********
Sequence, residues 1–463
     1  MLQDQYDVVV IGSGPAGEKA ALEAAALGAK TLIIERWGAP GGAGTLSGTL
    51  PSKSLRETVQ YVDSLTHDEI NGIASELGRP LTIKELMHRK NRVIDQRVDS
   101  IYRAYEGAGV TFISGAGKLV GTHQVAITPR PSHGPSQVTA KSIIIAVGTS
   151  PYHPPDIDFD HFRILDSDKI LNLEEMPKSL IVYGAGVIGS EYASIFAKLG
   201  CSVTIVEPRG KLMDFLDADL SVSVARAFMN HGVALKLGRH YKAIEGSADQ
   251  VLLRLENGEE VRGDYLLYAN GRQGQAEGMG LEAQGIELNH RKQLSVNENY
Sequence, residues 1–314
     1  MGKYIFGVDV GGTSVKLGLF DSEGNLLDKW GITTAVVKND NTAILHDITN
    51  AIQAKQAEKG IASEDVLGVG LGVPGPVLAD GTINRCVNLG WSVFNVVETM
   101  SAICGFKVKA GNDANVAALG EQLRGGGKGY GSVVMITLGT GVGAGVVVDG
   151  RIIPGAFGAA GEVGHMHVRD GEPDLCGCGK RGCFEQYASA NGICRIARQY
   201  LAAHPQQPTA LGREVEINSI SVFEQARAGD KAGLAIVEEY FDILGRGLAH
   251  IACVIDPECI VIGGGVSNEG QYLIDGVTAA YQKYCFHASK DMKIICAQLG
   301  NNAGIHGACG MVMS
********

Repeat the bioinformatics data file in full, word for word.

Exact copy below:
Sequence, residues 1–463
     1  MLQDQYDVVV IGSGPAGEKA ALEAAALGAK TLIIERWGAP GGAGTLSGTL
    51  PSKSLRETVQ YVDSLTHDEI NGIASELGRP LTIKELMHRK NRVIDQRVDS
   101  IYRAYEGAGV TFISGAGKLV GTHQVAITPR PSHGPSQVTA KSIIIAVGTS
   151  PYHPPDIDFD HFRILDSDKI LNLEEMPKSL IVYGAGVIGS EYASIFAKLG
   201  CSVTIVEPRG KLMDFLDADL SVSVARAFMN HGVALKLGRH YKAIEGSADQ
   251  VLLRLENGEE VRGDYLLYAN GRQGQAEGMG LEAQGIELNH RKQLSVNENY
Sequence, residues 1–314
     1  MGKYIFGVDV GGTSVKLGLF DSEGNLLDKW GITTAVVKND NTAILHDITN
    51  AIQAKQAEKG IASEDVLGVG LGVPGPVLAD GTINRCVNLG WSVFNVVETM
   101  SAICGFKVKA GNDANVAALG EQLRGGGKGY GSVVMITLGT GVGAGVVVDG
   151  RIIPGAFGAA GEVGHMHVRD GEPDLCGCGK RGCFEQYASA NGICRIARQY
   201  LAAHPQQPTA LGREVEINSI SVFEQARAGD KAGLAIVEEY FDILGRGLAH
   251  IACVIDPECI VIGGGVSNEG QYLIDGVTAA YQKYCFHASK DMKIICAQLG
   301  NNAGIHGACG MVMS